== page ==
6. 6. There are many ways in which people with significant humanitarian needs are left behind by the humanitarian sector (including humanitarian agencies and their donors). While the groups passed over, and the reasons they are missed, sometimes change, there are clear common routes to exclusion. The 2018 World Disasters Report asks challenging questions of, admittedly overburdened affected states donors, and local and international humanitarian organizations. It includes a strong call for more, better and more equitable funding and action to meet the rising needs. It also calls for a more conscious and transparent approach to ensuring the peo- ple in greatest need are placed first in line for assistance. The report identifies five fatal flaws that are allowing so many people to fall through the cracks: too many affected people are 1) out of sight, 2) out of reach, 3) left out of the loop, or find themselves in crises that are 4) out of money, or deemed to be 5) out of scope because they are suffering in ways that are not seen as the responsibility of the humanitarian sector. Fig. 2 Five different reasons that affected people may not receive the assistance they need. Out of sight: the people we fail to see The humanitarian sector cannot help people if it fails to see them.Sometimes,this takes a significant effort. For example, people whose births are not registered or who lack proof of identity are often effectively out of sight when it comes to receiving the assistance they need. Out of sight Out of reach Out of the loop Out of money Out of scope The people we fail to see The people we can’t get to The people we unintentionally exclude The people we don’t prioritize The people who ‘aren’t our problem’ 4 Executive summary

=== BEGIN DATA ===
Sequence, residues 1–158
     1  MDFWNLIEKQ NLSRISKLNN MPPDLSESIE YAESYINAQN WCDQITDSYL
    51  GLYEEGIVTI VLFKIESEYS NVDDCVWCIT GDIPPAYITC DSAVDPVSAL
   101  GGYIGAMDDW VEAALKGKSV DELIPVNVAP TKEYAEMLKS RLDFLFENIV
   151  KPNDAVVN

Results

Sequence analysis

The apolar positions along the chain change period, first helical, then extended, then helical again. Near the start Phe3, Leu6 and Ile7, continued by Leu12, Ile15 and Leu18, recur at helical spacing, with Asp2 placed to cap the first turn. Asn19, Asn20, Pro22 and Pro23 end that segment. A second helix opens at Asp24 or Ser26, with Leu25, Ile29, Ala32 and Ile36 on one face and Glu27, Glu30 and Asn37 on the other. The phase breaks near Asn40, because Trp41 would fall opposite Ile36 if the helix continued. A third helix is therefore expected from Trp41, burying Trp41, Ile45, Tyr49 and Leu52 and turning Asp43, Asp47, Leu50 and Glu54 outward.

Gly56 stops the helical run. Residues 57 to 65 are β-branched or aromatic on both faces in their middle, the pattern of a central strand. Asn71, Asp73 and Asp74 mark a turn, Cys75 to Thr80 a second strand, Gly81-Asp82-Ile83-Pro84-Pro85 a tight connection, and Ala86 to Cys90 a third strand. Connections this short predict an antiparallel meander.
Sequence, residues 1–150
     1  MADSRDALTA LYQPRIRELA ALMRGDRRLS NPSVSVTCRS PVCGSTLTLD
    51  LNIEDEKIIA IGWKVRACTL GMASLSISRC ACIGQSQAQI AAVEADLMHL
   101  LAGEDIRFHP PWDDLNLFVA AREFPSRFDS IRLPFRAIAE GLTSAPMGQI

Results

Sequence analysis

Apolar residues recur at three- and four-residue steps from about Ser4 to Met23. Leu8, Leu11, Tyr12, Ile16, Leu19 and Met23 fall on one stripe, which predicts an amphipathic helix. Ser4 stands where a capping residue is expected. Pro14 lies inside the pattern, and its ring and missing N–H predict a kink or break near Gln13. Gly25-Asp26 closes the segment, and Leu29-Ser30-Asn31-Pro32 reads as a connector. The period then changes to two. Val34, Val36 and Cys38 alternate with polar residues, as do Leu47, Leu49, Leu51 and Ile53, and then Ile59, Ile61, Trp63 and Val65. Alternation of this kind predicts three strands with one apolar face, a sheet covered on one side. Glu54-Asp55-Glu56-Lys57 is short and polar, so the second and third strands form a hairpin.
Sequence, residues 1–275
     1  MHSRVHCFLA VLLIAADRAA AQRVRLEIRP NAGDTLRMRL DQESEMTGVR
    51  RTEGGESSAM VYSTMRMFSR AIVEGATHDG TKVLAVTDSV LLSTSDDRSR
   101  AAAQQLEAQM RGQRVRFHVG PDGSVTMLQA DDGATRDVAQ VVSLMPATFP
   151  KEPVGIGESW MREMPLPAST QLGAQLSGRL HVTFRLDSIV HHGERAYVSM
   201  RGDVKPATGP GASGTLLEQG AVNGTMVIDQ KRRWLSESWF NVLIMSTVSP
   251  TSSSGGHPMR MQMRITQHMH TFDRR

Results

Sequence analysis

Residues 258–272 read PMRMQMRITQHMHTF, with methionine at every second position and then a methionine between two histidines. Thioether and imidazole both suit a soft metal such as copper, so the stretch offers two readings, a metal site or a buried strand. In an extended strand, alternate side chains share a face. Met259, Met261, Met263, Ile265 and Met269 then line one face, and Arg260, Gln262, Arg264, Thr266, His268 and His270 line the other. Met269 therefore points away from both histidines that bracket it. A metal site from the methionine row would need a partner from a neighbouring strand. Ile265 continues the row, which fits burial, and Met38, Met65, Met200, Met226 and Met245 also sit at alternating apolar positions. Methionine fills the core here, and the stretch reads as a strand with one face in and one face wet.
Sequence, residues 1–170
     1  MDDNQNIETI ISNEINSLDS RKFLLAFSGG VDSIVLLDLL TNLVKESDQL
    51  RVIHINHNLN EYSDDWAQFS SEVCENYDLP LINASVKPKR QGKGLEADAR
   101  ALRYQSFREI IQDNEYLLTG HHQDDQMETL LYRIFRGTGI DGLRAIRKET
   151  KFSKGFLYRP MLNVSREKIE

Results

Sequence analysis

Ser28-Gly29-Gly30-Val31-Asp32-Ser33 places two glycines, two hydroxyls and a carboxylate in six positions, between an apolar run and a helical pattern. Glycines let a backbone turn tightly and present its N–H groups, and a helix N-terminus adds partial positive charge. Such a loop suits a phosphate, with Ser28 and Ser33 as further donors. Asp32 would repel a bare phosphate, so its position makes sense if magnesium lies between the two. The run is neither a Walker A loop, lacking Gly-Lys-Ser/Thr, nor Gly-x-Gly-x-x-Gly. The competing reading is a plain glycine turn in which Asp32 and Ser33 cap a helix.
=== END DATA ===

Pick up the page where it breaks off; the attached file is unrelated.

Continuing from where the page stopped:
7. 7. This lack of visibility also extends to problems no one wants to talk about, such as sex- ual and gender-based violence – which is systematically underestimated in disaster set- tings – and it also frequently includes the issues faced by marginalized groups.The con- sequences for minorities affected by crises – such as sexual and ethnic minorities and migrants – are often the most unseen. Many communities and settlements are also overlooked for reasons of inaccessibility, pov- erty and marginalization. Areas that are changing and expanding at a rapid rate, such as urban slums, are often largely unmapped.This can have the effect of excluding those peo- ple living there from disaster planning and restrict their access to resources and support. Fig. 3 Who is missing from the map? Maps versus reality Notes: Shots of Mbuyuni sub-ward, Kigogo ward, Dar es Salaam, before and after a community mapping project. Source: Dar Ramani Huria Out of reach: the people we can’t get to Some communities are hard to reach for geographical or political reasons, because of con- flict and insecurity, or bureaucratic and legal bottlenecks created by affected states and donors alike.These can all pose serious challenges to humanitarian access. There is a range of physical, logistical and technological barriers to humanitarian access that are linked to challenging terrain and limited infrastructure and exacerbated by con- flict or natural hazards. It is significantly more expensive and time-consuming to pro- vide services in remote areas with a widely dispersed population, for example, or in areas with extremes of climate and topography.There are also security challenges in many con- texts that make certain populations difficult for humanitarian service providers to reach. 5World Disasters Report 2018